Jacques Lacan never lived enough to see Žižek synthesize his ideas with the Marxist theory, and neither did Jacques Derrida, to hear what the music had to say, on his literary method, which he himself always rejected to call a ‘method’ in the first place: deconstruction. Entering the domain of the academics, especially in America, deconstruction caused major dispute, as to many conservatives it was merely a threat, endangering their positions as the priests that they are, possessing the keys to the doors of a non-existent, objective truth: the truth Derrida questioned most in his lifetime. The word itself, however, leads back to Heidegger, when he first attempted to deconstruct metaphysics, and is in many respects similar to the genealogy done by Nietzsche about morality, what Foucault later used as a blue-print, unveiling again, the veiled, this time in topics related to sexuality, the criminal justice system and so forth. The intricate aspect of this mode of thinking is that, for one, a deconstructive read of a particular work – according to Derrida, eliminates most pre-suppositions about it, and that includes what is usually known as the author’s intention. Remember the article about Math.I and that how his works demand interpretation? That’s exactly it. But, the point is, how such thinking could be channeled in the sonic realm?
So far, during this year, two different acts have came up with the notion of deconstruction in music. Both of which are improvising bands, and whose music doesn’t feature any vocals at all. That might come in quite contradictory, given the origins of deconstruction as a concept. However, that might also help the process to become more contrastive and less theoretical. This is music after all, what Rhys Chatham once noted to be always more intriguing without the lyrics attached. The first of the two was the Quash Wagon Reclusion, a band known to some in the underground stoner rock scene, mostly because of their last year’s outstanding debut EP, “Blatancy”, who released “Deconstructive Rock” earlier this year, a record that was about anything but stoner rock, as its name suggested; and the second, the main object of concern in this article: Black Spirituals, the long-running duo of Zachary James Watkins and Marshall Trammell, whose album, “Of Deconstruction”, is set for release later this month.
While pertaining to free improvisation both, “Of Deconstruction” has more to do with electronic music and jazz, and in turn “Deconstructive Rock” deals with the atonal — math rock. The approach undertaken by each of the two acts also differs from the other, whether endeavors of both can be labeled free improv. or not, as does the instrumentation. Without going Derek Bailey here, it’s useful to mention improvisation can be directed in two major ways, and I’m essentially talking free improv. One would be where the drummer tries — in every unimaginable manner — to reproduce what the other instruments are producing, and the other, when the drumline follows a more minimal path compared to the other instruments, giving them more space and causing less tension for the piece-in-progress. While the latter is what we often encounter in jam rock, the first way is the one demonstrated in free jazz. The case with Black Spirituals is definitely not the first one. The three pieces on “Of Deconstruction” might not represent free jazz in its purest form, but surely don’t have anything to do with jam rock, as percussionist Marshall Trammell is one hell of a tornado to simply expect him to deny his Will to create/destroy. And as for Zachary James Watkins, you can bet he does everything to tempt even the most groove-loving drummer to go off the deep end.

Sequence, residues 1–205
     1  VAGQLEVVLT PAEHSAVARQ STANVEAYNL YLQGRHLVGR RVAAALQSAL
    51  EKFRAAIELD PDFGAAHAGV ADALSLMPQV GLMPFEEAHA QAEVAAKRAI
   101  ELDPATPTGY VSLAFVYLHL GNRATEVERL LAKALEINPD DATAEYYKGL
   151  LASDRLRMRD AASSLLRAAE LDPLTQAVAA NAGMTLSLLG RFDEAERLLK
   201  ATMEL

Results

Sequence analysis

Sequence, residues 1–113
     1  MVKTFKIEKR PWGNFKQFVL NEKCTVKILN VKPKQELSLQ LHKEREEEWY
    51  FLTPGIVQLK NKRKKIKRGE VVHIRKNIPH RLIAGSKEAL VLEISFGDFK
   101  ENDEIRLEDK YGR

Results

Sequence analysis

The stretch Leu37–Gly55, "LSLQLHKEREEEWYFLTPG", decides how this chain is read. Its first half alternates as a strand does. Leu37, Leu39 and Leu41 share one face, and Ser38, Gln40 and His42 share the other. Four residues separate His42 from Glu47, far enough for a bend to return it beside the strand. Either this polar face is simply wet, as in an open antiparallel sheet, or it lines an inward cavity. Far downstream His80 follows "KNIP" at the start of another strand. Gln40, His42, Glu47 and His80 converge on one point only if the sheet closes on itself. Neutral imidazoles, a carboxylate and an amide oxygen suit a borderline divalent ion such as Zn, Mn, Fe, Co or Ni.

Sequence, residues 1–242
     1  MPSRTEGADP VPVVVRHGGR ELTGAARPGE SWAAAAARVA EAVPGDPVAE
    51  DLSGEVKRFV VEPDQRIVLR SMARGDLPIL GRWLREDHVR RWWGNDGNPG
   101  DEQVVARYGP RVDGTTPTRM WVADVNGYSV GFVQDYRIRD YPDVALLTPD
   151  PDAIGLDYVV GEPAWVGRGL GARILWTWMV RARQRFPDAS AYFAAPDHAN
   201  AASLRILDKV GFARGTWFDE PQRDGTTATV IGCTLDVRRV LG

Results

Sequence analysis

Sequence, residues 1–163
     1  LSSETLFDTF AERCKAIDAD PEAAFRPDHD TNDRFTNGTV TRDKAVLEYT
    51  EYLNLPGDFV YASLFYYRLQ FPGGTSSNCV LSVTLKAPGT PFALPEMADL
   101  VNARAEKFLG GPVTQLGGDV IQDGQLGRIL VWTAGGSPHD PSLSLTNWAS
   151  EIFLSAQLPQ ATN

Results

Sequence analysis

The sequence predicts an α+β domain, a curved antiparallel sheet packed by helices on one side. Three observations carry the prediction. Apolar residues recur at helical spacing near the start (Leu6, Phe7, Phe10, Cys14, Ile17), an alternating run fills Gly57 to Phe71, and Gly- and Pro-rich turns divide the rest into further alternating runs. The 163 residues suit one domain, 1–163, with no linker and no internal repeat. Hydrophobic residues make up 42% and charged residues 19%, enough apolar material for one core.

Unanimously, the pair seem to have focused to extract certain sonic curiosities out of a more vast area of possibilities. In other words, “Of Deconstruction” is the seeking of concrete music, in reach of the chaotic catalogue of abstract electronics. Spiritual indeed — an effort so seemingly impractical. And not many electronic musicians outside the musique concrète cycle are that attentive and careful with choosing the sounds while improvising/composing. That could be translated as a point of agreement between Black Spiritual’s music and deconstruction — as a method — for they are as careful as one deconstructing a text in picking the ‘right’ sounds and moving on. And on what could make a sound right for one, either think of Henri Bergson and intuition, or Kant’s idea of morality; since an improviser usually gets to the right place before catching the drift. The result of this interaction is a unique sound quite low on the abstract and the ambiance of the percussion, compared to the Z’EV/K.K. Null collaboration “Artificial Life”, and a much more compulsive, bright, and jazzy effort — African, like the Art Ensemble Of Chicago claimed their music to be. A highly interactive work to get into, and to get thrilled by.